Medical practices new and old are discovering that acquiring and retaining patients is far different than it used to be. A changing insurance landscape, regulatory hurdles, and shifting demographics all play a part in the new healthcare outlook.
For healthcare professionals, this means that marketing is more important than ever.
Marketing for clinics can be as simple as creating a website or as complex as creating multi-platform ad campaigns. Sometimes, even investing in a better customer experience can boost patient acquisition and retention.
Before we get into the marketing essentials that every medical practice should have, let’s take a closer look at the link between marketing and growth.
How does marketing for clinics help you grow?
Healthcare is always in demand. However, this doesn’t negate the need for effective marketing strategies.
Marketing for clinics has multiple layers and uses. It can help your practice grow through indirect ways like acquiring new patients. It can make your name or practice more memorable to prospective and current patients. And tactics like publishing quality content over time can even build your authority and strengthen your long-term career.
“77% of patients search for their doctors online. ”
Digital marketing, in particular, works because patients actively use the internet to find new providers they trust. For example, Tebra’s Patient Perspectives survey discovered that 77% of patients search for their doctors online. Furthermore, 46% of respondents said that a healthcare provider’s online reviews are among the most important factors in their selection.
In other words, if prospects can find you online and your presence is positive once they do, you have a greater chance of turning them into patients.
8 essentials for marketing for clinics
Each practice will have a unique approach to marketing. But there are some areas with overlap.
Here are 8 of the core marketing tools any practice can use to accelerate growth:
1. Marketing plan
The first thing any medical practice needs is a plan. Unlike a business plan, a marketing strategy does not include back-office operations. It does, however, outline how you’ll interact with patients and attract prospects. It should also consider the regulations for handling Protected Health Information (PHI), such as patient names and emails. Under HIPAA, you need authorization to use this information for marketing purposes unless you are describing a health-related product or service. Include an authorization form during patient intake to streamline this process.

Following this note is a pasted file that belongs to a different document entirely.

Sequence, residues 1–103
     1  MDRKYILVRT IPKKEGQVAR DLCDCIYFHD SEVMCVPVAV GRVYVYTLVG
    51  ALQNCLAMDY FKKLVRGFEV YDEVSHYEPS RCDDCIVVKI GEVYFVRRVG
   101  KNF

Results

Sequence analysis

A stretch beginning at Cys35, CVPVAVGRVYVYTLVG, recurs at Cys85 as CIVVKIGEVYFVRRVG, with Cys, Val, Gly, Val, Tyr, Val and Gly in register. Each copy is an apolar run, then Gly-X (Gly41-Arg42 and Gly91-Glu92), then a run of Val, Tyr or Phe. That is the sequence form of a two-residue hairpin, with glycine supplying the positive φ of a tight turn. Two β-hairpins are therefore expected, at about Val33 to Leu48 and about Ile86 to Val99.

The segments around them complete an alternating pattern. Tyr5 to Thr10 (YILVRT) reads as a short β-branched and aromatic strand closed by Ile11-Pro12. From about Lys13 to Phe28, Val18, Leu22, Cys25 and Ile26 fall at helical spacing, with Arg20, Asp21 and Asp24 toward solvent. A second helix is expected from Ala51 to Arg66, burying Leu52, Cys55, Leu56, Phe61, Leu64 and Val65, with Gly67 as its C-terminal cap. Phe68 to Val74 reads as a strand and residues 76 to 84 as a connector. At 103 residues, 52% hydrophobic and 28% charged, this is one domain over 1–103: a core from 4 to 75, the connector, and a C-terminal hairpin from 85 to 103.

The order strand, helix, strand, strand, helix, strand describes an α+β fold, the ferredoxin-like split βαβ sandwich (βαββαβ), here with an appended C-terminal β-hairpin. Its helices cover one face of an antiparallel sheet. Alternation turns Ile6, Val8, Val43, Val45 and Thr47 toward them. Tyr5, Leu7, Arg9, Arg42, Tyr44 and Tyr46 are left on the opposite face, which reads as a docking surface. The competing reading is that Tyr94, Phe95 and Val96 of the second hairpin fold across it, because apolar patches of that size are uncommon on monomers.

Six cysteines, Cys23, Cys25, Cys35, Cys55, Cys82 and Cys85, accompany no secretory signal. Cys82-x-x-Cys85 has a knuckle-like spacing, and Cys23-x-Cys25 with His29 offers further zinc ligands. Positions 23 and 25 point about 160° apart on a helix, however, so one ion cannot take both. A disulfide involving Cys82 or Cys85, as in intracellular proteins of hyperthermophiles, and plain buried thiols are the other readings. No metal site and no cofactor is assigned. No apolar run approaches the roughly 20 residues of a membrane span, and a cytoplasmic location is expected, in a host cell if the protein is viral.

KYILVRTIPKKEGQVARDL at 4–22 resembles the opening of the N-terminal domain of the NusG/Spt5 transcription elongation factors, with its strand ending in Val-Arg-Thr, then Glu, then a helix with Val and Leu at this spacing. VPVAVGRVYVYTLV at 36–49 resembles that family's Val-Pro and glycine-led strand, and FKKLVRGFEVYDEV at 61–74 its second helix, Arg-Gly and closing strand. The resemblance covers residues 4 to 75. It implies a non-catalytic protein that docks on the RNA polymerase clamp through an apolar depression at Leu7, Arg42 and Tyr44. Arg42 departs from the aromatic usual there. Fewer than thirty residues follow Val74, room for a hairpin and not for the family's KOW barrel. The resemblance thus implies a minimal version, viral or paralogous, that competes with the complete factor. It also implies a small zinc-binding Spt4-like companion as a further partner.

A marketing plan describes what channels or platforms you’ll use to reach your ideal patients, what type of content you will run, and how you’ll measure success. It often includes a timeline for your main marketing activities to make it easier to track results.
These plans don’t have to be long — just reflect realistic goals.
The present, and future, of marketing for clinics is digital. Every medical practice looking to reaffirm its credibility and highlight its expertise needs a website. Patients expect to be able to review your website before making an appointment. Not having one can make patients uncertain about your qualifications or reliability.
In other words, your website is your virtual resume.
Creating your website should be first on your to-do list after your marketing plan. If you already have one, review it to ensure it matches your goals and is accessible and easy to navigate.
3. Google profile
Next, set up your Google Business Profile. When a user searches for your practice, your name, or your specialty in their area, your profile should come up on the right-hand side of the Google results. It should include your address, services, specialties, phone number, website, social media links, and images of your practice.
Google is the top review site, so your profile will also include reviews. One study found that 65% of consumers post reviews on Google profiles. In some cases, patients will post negative reviews. But this isn’t necessarily bad. According to the same study, many patients consider profiles with only perfect reviews suspicious, but 45% will visit a business if it responds well to negative reviews.
Just remember: it’s important not to reveal PHI in your response to a review. Review these sample review responses to help you address patient concerns quickly and easily.
4. Social media accounts
Posting on social media is an effective way to drive website traffic. You don’t need to be on every single network. Depending on your target demographic, one platform may be better than another. It’s also important to factor in what kind of content you enjoy making. Do you like short or long videos? Pictures or graphics? Or just plain text?
Also consider how you will respond to patient comments or engage with other accounts.